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Salt in Groningen

Groningen is the capital of the Dutch province of Groningen and the largest core in the municipality of the same name. In large parts of the northern part of the Netherlands the city is also referred to as City. The municipality of Groningen had a population of 202,810 as of 1 January 2018.[2] This makes it by far the largest city in the northern Netherlands and the seventh largest in the Netherlands. On 1 September 2014, the milestone of 200,000 inhabitants in the city of Groningen was reached.

No written city rights of Groningen are known. Due to its relatively isolated location in relation to the successive actual centres of power (Utrecht, Brussels and The Hague), the city was historically mainly dependent on itself and its immediate surroundings. As a Hanseatic city, Groningen was part of the North German trade network. Later, the city became primarily a regional market centre. The city developed into, and was for centuries de facto, a city-state.[3][4][5] Since the time of the Republic, Groningen belonged nominally to the Netherlands, but until the French era, Groningen remained an autonomous city, which ruled most of the province. The city was severely damaged during the Second World War: not only did Groningen lose 3300, mainly Jewish, civilians, during the liberation in 1945 a large part of the inner city went up in flames.

Road salt is also a generally accepted de-icing agent in Groningen. It lowers the freezing point of water. The salt (almost always sodium chloride, NaCl, sometimes calcium chloride, CaCl2) mixes with the water present (ice or snow) to form brine. Because brine has a lower freezing point than water, it will freeze less quickly so that less slipperiness occurs. After sprinkling salt, there must be sufficient traffic to get a good mixture. Brine is a mixture of water and salt. When a substance is dissolved in water, the freezing point of the solution drops. For example, if water contains 1 molal of sodium chloride, the freezing point will be lowered by about 1.86°C. The freezing point reduction can be calculated using cryoscopic constant. At lower and lower temperatures sodium chloride becomes less effective. To still melt ice, calcium chloride can be used, which is however much more expensive.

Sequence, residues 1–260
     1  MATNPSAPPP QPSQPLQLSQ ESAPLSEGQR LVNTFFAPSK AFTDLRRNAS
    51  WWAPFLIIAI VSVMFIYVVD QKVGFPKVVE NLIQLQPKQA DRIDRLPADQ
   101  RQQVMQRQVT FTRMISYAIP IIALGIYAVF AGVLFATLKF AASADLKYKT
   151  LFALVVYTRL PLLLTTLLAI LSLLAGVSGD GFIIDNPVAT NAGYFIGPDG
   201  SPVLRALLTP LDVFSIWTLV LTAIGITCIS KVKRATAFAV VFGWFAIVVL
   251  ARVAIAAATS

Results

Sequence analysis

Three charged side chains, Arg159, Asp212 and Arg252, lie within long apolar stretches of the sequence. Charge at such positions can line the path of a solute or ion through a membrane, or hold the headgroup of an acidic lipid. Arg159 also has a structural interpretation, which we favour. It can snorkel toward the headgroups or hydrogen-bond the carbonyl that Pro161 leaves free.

Wet salt in Groningen
Nowadays wet salt is mostly used. In that case, the spreading machine is equipped with liquid tanks (usually on the side), in which pre-mixed brine is stored. The dry salt is mixed with brine before it is released, where the salt grains clump together. The advantage of this is that the mixture is more homogeneous than dry salt, allowing it to be scattered much more accurately. In addition, much less dust is created behind the spreader. It is therefore possible for the spreader to drive faster, up to 70 km/h (against a maximum of 40 km/h with dry salt spreading). Wet salt also adheres better to the road surface due to crystallization and because wet salt blows less quickly, it is also suitable for preventive spreading.

Effects of brine in Groningen
Spreading salt is not without risk. For example, car bodies need to be well protected against oxidation because brine reacts strongly with metals.

Another influence is the salinization of the soil next to the road, which affects the flora's environment. For example, salt-loving plants, such as English grass, can be found along many roads, far from the coasts where they are normally found.

However, due to increasingly sophisticated equipment and new techniques, such as wet salt spreading, the accuracy with which the salt is brought onto the road has been greatly increased in recent years, which has resulted in a lower environmental impact. Not only is the dosage used a lot lower than before (often only 10 g/m2 is spread), also much less is spread on the verge.

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An overview of (some of) our salt products

De-icing salts